Ok, now the third runway enlargement project has been temporarily withdrawn by Sánchez. But everyone knew from day one that it was a bluff offer due to the damage it would cause to the key Ricarda wetland area. The whole project was stillborn, however much Sánchez’s government insisted that the marsh was to be in no way affected. Ludicrous! Spain’s AENA airport authority president Maurici Lucena –a man of Sánchez’s entire confidence– had admitted from the beginning that the extension would fully affect it. How can Sánchez claim to have ignored this? The project was a dud from the start because the EU, whose approval was mandatory, would never have accepted it. One must remember that Brussels had already threatened Spain with sanctions at the beginning of 2021 because of the deterioration suffered in the area with former extensions of airport installations and Barcelona Port. Opposition had also been explicit from Europe because the project clashes with the 2015 Paris Agreement on climate change. The European Green Party had complained that the project to expand the airport and increase air traffic would move the EU away from the key goal of reducing greenhouse gas emissions by 55% by 2030 and achieving a carbon-neutral economy. Greenpeace too had warned Sánchez that the decisions taken by the Spanish Government in the coming years regarding the destination of EU Next Generation funds would determine the progress of European countries with regard to climate neutrality and ecological sustainability.

Nevertheless, by withdrawing support for the project now, sly Sánchez emerges in a win-win situation. He can now boast of being the Spanish president who sought to satisfy the traditional Catalan aspiration to a super airport –albeit the will of the economic elite– but was prevented from doing so by the fussy EU. Ironically enough, he also comes out as the “responsible” politician who temporarily withdraws a plan that could be damaging to the environment. Who knows what will happen five years on? What is shameful here is that the Catalan government should have played along with what was so obviously a ploy to thwart the negotiation table. Sánchez’s “interest” in investing in Catalonia had a merely selfish motivation in ensuring that mediocre Catalan politicians continue to squabble over breadcrumbs. With the promise of €1.700M for a quite unnecessary airport enlargement scheme, Sánchez’s party thus stoked the flame of internal dispute between Catalan parties whose sole goal is to compete for political predominance. By so doing, Sánchez also managed to confront President Aragonès with the more influential sectors of the city’s economic elite. At the same time, he gained the perfect excuse for withdrawing the plan because of the “lack of cohesion” and “irresponsibility” of the Catalan government, which the media can now conveniently point to as the culprit for the plan’s withdrawal.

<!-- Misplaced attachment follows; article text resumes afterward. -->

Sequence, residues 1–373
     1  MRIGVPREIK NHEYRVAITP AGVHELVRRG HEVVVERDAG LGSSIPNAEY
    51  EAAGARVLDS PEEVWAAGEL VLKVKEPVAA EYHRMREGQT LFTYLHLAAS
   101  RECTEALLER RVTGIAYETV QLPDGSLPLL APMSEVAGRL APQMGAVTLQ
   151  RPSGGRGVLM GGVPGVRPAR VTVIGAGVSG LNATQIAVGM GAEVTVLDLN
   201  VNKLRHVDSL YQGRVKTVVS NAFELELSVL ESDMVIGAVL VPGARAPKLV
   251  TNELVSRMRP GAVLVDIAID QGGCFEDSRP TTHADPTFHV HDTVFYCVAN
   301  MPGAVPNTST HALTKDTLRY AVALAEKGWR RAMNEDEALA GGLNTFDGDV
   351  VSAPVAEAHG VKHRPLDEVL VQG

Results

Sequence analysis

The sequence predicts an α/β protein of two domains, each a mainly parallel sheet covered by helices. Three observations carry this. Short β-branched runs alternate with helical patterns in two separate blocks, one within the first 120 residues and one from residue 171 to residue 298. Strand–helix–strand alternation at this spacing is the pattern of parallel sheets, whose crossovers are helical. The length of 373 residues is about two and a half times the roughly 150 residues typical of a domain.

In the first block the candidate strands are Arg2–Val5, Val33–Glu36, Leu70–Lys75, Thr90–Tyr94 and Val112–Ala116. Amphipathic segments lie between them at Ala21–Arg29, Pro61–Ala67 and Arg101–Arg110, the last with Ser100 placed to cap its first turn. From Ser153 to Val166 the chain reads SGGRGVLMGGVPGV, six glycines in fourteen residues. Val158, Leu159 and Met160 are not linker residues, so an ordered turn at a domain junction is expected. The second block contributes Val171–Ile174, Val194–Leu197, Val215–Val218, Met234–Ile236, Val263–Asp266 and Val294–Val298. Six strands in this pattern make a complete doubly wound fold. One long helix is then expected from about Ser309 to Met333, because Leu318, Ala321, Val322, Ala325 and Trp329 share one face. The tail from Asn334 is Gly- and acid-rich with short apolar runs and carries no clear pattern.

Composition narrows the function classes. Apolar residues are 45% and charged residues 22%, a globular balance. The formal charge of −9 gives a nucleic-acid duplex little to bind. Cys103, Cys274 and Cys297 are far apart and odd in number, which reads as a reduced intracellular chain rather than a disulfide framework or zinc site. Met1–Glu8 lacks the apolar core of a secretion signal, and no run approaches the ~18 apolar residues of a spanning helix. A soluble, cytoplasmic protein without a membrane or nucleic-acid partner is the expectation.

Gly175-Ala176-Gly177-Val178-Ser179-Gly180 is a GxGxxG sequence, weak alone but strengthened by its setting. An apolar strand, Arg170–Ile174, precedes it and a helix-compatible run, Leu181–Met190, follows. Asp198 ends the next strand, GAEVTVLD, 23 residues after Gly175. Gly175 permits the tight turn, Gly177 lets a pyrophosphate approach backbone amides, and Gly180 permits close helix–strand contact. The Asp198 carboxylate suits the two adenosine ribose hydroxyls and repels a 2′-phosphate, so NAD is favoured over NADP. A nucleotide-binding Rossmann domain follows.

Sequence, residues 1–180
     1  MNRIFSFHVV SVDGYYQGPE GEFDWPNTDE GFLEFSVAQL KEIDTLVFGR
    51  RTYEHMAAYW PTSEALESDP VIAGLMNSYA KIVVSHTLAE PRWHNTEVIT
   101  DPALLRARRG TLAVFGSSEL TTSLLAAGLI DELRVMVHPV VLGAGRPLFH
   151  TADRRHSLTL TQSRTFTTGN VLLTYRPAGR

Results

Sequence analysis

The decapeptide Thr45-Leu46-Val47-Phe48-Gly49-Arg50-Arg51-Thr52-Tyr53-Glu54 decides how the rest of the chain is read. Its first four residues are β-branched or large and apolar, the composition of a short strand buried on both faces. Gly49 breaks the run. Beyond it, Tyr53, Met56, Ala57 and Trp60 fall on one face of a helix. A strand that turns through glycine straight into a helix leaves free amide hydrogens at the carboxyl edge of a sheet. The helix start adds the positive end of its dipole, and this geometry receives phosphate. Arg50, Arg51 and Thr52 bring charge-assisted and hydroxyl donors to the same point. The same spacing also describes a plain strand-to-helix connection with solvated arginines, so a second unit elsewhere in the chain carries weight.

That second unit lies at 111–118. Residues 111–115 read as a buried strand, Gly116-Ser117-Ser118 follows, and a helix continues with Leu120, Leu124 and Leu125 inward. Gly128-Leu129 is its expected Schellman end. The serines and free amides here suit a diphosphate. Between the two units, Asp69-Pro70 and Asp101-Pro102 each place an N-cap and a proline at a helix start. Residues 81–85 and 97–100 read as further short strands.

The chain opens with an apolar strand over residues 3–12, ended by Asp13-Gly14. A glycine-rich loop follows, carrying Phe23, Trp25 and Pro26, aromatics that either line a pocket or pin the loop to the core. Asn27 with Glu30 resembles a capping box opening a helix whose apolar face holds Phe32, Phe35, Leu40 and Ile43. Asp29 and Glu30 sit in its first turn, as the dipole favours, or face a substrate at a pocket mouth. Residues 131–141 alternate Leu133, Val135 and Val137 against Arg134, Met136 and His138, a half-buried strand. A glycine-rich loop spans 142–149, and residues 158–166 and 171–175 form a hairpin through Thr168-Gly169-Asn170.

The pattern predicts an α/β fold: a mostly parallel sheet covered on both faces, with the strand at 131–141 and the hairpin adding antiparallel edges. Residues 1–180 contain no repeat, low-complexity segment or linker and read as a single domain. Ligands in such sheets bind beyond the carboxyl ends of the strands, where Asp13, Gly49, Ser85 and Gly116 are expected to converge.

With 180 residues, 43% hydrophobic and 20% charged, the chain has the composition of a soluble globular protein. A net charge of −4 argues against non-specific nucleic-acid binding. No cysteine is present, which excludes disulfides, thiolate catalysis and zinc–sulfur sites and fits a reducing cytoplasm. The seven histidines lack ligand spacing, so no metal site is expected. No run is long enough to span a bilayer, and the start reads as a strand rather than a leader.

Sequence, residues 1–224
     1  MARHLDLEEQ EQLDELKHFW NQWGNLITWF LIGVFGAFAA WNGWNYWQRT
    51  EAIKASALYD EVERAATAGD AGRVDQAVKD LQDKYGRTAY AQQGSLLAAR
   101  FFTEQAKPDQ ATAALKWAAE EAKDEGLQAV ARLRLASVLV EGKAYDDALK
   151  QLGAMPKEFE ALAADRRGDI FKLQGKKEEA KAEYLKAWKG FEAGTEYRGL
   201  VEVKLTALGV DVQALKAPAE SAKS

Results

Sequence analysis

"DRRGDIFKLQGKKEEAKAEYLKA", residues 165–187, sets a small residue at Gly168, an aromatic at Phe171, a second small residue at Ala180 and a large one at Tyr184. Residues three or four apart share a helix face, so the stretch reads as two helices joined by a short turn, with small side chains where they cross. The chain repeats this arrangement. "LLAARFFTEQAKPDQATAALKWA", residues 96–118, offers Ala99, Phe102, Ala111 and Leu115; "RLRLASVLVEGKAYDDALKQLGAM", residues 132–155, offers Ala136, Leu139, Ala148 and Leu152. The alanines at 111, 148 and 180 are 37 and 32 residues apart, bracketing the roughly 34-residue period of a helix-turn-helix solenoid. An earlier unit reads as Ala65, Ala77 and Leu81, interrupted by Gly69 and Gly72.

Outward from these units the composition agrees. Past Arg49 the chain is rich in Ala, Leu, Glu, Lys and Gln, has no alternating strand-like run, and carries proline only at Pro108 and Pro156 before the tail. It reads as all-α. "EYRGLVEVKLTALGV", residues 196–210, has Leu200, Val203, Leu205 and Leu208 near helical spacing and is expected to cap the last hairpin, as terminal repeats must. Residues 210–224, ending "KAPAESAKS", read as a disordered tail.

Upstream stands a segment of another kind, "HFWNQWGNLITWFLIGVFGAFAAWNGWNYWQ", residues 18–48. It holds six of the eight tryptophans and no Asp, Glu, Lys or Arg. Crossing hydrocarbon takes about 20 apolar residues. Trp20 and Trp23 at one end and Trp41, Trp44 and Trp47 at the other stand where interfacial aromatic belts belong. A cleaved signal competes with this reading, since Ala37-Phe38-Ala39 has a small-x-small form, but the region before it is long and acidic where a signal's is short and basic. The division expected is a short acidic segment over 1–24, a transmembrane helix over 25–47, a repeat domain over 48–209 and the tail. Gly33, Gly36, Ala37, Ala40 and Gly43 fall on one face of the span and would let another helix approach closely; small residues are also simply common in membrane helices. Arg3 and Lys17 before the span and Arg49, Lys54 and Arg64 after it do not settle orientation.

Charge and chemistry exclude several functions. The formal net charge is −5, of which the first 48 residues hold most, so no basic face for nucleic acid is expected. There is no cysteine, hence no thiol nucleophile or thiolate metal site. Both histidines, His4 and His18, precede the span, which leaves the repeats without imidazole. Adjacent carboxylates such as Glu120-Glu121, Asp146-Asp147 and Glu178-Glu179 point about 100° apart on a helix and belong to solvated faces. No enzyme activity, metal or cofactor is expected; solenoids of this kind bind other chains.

Once again we can be sure that while the political institutions and parties of Spain and Catalonia are bogged down in a quagmire marked by economic paralysis, political repression and the denial of rights –with full EU compliance– it is the Catalan people and their renewed mobilization that can be seen as the only element truly engaged in calling for deep change. 2021’s massive Diada turn-out may not disrupt Sánchez’s plans for the immediate future. But it seriously indicates that the independence cause has no intention of folding up. While such mobilization persists, the need for real negotiation over self-determination –not sham venues– will one day be a serious requirement for all.